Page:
Wellness synonyms- fitness, healthiness, soundness.
As a luxury pursuit, higher levels of wellness is found in more affluent societies because it involved managing the body’s state after basic needs have been met. Many practices applied are aimed at controlling the side effects of affluence, such as obesity and inactivity. Wellness grew as a popular concept beginning in the 19th century, just as the middle class began emerging in the industrialized world, and a time when a newly prosperous public had the time and resources to pursue wellness and other forms of self-improvement.
Alternative approaches to wellness are often denoted by the use of two different phrases: health and wellness, and wellness programs. These kinds of wellness programs offer alternative medicine techniques to improve wellness. Whether these techniques actually improve physical health is controversial and a subject of much debate. James Randi and the James Randi Educational Foundation are outspoken critics of this alternative new age concept of wellness. The behaviors in the pursuit of wellness often include many health related practices, such as making healthy lifestyle changes and utilizing natural therapies.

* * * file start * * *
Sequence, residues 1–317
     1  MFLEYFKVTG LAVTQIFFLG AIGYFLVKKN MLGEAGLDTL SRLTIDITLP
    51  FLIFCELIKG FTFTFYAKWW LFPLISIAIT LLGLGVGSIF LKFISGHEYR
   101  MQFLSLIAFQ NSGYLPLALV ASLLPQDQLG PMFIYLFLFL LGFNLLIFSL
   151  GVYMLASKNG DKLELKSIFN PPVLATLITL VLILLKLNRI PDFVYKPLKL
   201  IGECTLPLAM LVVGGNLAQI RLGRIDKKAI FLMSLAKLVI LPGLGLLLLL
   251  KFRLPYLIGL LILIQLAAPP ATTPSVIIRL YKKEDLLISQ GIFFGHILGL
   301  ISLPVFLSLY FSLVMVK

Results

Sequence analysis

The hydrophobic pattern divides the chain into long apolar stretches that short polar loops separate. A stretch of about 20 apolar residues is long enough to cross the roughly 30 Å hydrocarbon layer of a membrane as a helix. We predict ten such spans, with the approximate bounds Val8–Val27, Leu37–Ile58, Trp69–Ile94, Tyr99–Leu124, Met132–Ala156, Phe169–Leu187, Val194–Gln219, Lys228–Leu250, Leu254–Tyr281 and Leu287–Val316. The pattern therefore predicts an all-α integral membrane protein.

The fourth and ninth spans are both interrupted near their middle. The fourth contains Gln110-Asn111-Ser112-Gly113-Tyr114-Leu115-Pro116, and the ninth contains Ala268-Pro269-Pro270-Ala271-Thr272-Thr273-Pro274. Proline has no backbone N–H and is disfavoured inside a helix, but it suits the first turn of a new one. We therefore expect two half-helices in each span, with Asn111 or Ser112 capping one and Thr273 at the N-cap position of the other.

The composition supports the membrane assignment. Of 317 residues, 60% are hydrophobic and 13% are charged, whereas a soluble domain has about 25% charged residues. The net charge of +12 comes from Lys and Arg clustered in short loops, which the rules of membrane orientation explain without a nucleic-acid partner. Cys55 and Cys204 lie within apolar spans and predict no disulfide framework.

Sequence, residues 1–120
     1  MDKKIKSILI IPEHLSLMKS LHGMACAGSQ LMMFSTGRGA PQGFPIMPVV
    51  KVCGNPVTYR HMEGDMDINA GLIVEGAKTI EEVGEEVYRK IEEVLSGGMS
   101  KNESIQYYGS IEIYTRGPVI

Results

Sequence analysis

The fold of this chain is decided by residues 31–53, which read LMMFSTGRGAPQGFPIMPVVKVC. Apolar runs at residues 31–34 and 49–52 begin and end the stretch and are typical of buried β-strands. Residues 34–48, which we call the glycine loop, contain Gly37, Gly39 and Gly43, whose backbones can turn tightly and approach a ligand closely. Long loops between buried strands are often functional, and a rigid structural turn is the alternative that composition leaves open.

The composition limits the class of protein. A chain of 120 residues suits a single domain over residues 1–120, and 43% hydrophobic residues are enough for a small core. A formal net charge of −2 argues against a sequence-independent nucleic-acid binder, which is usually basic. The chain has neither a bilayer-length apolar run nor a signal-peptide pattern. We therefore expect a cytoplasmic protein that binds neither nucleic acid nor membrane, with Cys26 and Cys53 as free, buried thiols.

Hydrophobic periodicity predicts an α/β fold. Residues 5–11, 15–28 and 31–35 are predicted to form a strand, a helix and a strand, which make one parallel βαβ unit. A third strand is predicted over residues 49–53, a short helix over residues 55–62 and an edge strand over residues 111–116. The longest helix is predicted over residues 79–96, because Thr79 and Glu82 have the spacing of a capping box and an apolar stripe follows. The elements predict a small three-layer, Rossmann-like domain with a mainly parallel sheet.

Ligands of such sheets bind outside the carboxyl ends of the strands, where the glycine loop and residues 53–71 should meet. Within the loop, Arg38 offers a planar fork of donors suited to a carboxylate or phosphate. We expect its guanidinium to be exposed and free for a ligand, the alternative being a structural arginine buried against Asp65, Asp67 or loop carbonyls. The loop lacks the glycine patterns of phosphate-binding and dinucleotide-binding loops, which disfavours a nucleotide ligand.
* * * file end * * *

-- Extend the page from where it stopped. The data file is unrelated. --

Some Doctors are against Wellness Education because they secretly want people to be sick ,to get more patients.
all DOCTORS want to make money.
Does an Oncologist really hate CANCER or does he or she LOVE it.
Some laypeople don't understand Doctors .
If a doctor could cure every disease in the world by pushing a button,What would he or she do the following day?
Does every doctor try to solve problems sincerely? Would they work for free ? Some do like "DOCTORS WITHOUT BORDERS" (a great charity and organization).
but not all doctors follow the Hippocratic oath. But most Doctors are good and well meaning.
In the nineteen-seventies wellness went into three separate directions.
1. Holistic medicine example homeopathic, herbal, yoga Etc.
2. Spiritual religious Church affiliation and group dynamics motivation.
3. Traditional medical advice backed by scientific and widely accepted Dogma.
That's what we believe in. Doctors can now see it used to their advantage.
In closing, the subject of Wellness can win the hearts and minds of people and can be a foot in the door.
Free health talks and a real Doctor closes the deal.
Even a lay person knows it's better to try to have Wellness then just to wait for disease.
Doing nothing to stop it or slow it down.
These are Things you can do for yourself, that no one else can,
no one can do it for you and no one can make you do it
You decide.GET WELLNESS.